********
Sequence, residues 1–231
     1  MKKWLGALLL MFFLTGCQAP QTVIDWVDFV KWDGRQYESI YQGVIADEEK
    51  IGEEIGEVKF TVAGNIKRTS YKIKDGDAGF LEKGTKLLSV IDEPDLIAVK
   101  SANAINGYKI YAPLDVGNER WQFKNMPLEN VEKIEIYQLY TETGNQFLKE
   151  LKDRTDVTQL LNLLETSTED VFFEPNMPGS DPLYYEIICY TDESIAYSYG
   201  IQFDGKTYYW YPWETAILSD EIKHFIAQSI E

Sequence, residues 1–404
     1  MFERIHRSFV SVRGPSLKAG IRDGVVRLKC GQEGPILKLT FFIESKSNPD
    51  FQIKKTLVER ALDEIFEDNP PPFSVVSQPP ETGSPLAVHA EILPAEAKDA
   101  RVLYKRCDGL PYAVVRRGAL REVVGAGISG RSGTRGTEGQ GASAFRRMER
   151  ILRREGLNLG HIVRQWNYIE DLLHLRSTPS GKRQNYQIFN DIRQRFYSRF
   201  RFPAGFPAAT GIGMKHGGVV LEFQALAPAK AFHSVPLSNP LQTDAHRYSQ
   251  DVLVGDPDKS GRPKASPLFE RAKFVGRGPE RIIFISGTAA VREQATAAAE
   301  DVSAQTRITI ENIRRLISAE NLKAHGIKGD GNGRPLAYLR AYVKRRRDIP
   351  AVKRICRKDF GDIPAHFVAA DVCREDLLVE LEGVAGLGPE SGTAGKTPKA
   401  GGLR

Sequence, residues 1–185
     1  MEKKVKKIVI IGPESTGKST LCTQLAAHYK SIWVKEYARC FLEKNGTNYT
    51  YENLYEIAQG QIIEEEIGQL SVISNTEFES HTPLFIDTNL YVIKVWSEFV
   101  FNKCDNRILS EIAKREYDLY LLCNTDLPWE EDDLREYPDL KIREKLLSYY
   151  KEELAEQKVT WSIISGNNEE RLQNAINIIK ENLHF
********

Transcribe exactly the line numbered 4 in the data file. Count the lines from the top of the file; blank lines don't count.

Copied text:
   101  SANAINGYKI YAPLDVGNER WQFKNMPLEN VEKIEIYQLY TETGNQFLKE